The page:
## What’s in this guide?

## Introduction

If you have moved into your first home or just became financially independent, you may be asked by your energy company to send a meter reading.

This guide will tell you everything that you need to know about gas meters, including what they are, what a gas meter reading is and the different types available.

Let’s dive in!

## What is a gas meter?

A gas meter refers to the machine that tracks your gas as you use it, similar to electricity meters which do the same thing.

This allows your energy supplier to see what they should bill you, which is why they ask for meter readings.

The more meter readings they have, the more accurate your billing will be.

Some customers may be charged less than they should be, but that can lead to things such as backbilling which is when an energy company costs you for all the energy you didn’t pay for, which could end up in the thousands.

This is why it should always be avoided, even if you think you’re getting a great deal.

## What is a gas meter reading?

So now that you know what a meter is, what exactly is a meter reading?

All meters show you a number that tells you how many units of gas you have used.

Then, you can figure out the gas that you have used by taking away your previous meter reading from your current one.

Your energy company will then change the units of gas you’ve used typically into a unit called kWh.

They will then show you this on your bill.

A kWh is a unit of energy, that you might see associated with your appliances; for instance, 1000w is 1kWh.

## Types of the gas meter

There are different types of the gas meter that measures the gas that you have used in different measurements.

Take a look at the different kinds of meters below for more.

### Digital Meter which is Metric

Digital metric meters measure the gas that you use in meters which are cubic.

To read it, do the following:

- Write down the numbers that are often before the point which is decimal, starting with the side which is on the left going towards the right.
- After the point which is decimal, ignore those numbers.

### Digital Meter which is Imperial

Digital imperial meters measure the gas that you have used in feet which are in cubic.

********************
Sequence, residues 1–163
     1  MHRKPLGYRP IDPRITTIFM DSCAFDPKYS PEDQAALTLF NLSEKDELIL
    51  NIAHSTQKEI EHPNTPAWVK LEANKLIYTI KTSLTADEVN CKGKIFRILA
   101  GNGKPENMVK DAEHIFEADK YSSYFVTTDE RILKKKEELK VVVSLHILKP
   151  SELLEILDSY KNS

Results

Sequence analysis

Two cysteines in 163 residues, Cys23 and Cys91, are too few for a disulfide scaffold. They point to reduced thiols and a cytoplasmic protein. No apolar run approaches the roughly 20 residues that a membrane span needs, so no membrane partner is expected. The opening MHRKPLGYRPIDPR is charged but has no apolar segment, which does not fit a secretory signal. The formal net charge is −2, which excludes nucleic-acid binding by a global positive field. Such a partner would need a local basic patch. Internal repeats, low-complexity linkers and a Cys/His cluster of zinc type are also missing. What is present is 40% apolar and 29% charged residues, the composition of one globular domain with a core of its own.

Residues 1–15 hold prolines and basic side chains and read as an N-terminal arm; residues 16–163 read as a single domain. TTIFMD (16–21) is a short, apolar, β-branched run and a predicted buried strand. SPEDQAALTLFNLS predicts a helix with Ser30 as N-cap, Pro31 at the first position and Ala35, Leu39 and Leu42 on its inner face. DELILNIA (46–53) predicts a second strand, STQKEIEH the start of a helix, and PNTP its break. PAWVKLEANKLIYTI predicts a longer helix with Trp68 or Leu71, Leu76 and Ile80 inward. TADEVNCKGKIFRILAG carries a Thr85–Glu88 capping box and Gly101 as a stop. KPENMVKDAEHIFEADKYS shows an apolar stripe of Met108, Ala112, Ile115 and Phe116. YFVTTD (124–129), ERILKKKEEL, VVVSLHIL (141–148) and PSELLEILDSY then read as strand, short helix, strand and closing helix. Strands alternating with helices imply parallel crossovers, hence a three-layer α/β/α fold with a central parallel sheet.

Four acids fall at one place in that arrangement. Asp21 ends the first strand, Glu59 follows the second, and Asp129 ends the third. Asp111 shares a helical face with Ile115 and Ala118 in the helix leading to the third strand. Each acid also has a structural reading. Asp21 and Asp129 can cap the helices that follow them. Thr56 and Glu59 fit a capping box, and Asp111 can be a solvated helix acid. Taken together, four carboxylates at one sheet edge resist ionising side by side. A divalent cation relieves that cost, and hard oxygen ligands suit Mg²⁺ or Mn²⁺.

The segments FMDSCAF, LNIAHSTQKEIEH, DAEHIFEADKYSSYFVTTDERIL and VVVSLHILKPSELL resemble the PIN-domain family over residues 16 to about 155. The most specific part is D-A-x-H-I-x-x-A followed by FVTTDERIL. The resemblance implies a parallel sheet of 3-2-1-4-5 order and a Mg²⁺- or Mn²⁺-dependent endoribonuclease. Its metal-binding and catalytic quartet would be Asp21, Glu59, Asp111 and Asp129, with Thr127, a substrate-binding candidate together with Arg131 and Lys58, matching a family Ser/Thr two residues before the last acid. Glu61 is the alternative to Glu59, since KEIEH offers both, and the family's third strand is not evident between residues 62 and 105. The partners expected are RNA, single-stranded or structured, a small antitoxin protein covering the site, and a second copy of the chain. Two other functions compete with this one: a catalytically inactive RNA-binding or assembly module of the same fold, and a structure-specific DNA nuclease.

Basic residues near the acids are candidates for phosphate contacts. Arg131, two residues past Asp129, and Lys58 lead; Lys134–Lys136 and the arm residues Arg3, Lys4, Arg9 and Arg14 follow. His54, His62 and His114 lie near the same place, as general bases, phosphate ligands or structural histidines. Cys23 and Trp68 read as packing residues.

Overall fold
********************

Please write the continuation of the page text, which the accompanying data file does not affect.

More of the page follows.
- Write down the digits starting from the left to the right.
- Do not write down any digits that might be red.

### Meter which is a Dial

A dial meter looks more like a clock, with several dials with the numbers from zero to nine.

- Begin with the side which is on the left and note the digit that is highlighted by the point, moving right. In the case that the tip is in the middle of two numbers, write down the lesser.
- If the indicator is in the middle of 9 and 0, write it down as nine.
- Ignore red dials.

## Compare with your readings

Now that you have recorded your meter readings, what do you do with them next?

First of all, you should compare it against your last bill and see if you have been overpaying or underpaying for your energy.

In the case that you have been overpaying, you can contact your energy supplier, and they should refund you immediately.

In the instance that you have been underpaying, you should ask your supplier to increase your direct debit until you have paid it off or pay it all in one go if it’s a small amount.

This is how you can avoid backbilling, which could lead to you getting an unexpected bill for potentially hundreds or in some cases thousands of pounds.

## Calculating gas use

- In the case that your measurement is in cubic feet, you should then multiply it by 2.83.
- Then you can multiply it by 1.02264.
- Then, multiply it by the ‘calorific value’
- You should then divide it by 3.6
- Then you can multiply the kWh figure, you should do this using your pence per kWh rate

## Contact your supplier

Usually, your supplier will either have a dedicated number for you to ring or an online portal.

You can usually find this number on your bill.

Once you have submitted your meter reading, your supplier will either issue you a fresh bill, or they will ask you if you want one.

## Conclusion

Did you know that you could be saving £200 a year on your energy bills?

Take a look at the EnergySeek guides to find out more about your energy, or see reviews of the top 7 energy switching sites to compare gas & electricity.